May 24, 2017 Last Updated 13:32 PM EDT

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Atlanta Fed appoints first African-American regional president as major step in diversity

Mar 14, 2017 06:05 AM EDT

Atlanta Fed appoints first African-American regional president as major step in diversity
(Photo : Federal Reserve Bank of Atlanta) The move marks as a progress for Atlanta Fed in regards to diversity as Bostic becomes the first African-American regional president in its history.

Former policymaker in the Department of Housing and Urban Development, Raphael Bostic, was named the 15th president and chief executive officer of the Atlanta Federal Reserve on March 13. The move marks as progress for Atlanta Fed in regards to diversity as Bostic becomes the first African-American regional president in the central bank's history.

Bostic is set to take his seat as president of Atlanta Fed's 12 regional banks on June 5. Part of his responsibilities as president of the central bank includes determining interest rates and voting on the Fed's rotating committee in 2018. The appointment comes after Fed Chairman Janet Yellen was heavily criticized by congressional leaders last year for the lack of diversity in the central bank.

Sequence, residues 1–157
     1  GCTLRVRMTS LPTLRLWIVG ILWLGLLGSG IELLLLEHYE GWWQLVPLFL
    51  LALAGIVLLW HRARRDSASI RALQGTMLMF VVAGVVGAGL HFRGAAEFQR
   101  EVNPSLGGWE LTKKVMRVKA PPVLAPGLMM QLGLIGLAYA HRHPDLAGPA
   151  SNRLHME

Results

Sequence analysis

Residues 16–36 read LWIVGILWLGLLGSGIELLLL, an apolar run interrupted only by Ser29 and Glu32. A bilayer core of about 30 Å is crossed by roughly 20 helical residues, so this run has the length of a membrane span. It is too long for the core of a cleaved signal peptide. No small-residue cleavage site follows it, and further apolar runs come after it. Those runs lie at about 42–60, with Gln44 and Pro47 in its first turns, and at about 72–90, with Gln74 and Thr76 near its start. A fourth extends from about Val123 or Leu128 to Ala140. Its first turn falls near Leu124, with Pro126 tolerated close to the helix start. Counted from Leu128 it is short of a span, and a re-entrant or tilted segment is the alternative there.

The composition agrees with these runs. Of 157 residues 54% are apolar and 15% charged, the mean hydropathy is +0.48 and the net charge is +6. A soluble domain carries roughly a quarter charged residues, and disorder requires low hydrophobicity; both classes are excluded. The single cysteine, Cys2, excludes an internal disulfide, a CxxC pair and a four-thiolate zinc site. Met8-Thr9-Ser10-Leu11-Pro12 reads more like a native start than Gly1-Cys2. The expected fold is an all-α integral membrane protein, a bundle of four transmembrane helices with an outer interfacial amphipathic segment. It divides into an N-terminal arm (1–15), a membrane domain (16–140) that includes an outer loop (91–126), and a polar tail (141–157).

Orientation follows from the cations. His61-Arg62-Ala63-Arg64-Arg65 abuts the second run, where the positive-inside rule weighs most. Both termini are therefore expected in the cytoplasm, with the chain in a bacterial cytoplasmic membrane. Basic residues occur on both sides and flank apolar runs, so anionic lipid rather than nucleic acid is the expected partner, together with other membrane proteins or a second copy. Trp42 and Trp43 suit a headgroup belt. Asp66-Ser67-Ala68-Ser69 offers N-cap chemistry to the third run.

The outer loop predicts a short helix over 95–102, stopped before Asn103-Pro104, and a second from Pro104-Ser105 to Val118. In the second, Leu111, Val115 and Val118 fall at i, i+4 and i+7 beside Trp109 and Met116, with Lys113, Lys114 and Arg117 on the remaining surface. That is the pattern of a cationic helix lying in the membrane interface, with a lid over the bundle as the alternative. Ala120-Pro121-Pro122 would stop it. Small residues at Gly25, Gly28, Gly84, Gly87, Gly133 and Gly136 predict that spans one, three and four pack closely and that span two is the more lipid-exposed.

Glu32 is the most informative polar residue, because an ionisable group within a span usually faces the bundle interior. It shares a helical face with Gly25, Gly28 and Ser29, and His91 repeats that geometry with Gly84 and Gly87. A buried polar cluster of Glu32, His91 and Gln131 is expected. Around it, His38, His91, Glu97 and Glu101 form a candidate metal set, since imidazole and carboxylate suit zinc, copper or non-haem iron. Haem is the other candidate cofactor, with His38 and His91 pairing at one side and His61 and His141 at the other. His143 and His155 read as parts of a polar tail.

Members of the congress and advocacy groups pushed for a diverse choice to lead the Atlanta Fed region due to its large African American population. Bostic acknowledges the Fed's decision and in part says his appointment to the office is a very big deal. The USC professor claims the move to be daunting, overwhelming but at the same time a tremendous privilege and hopes it to be a stepping stone for many others to have the opportunity.

"Given the disparate economic experiences faced by key demographic groups, it is crucial that a broader cross-section of groups have a seat at the decision-making table," Rep. Maxine Waters said, one of the African-American members that pushed for diversity in the Atlanta Fed. Thomas Fanning, chairman of the Atlanta Fed's board, further affirms Bostic's appointment due to his experience in the academe, government and research.

About 82 percent of the Fed's most senior employees in Washington D.C. are white, specifically 231 of them, while only 17 are high-level black employees as reported by CNN Money. Yellen has long promised to make the Atlanta Fed more diverse and Bostic becoming regional president already proved efforts. 

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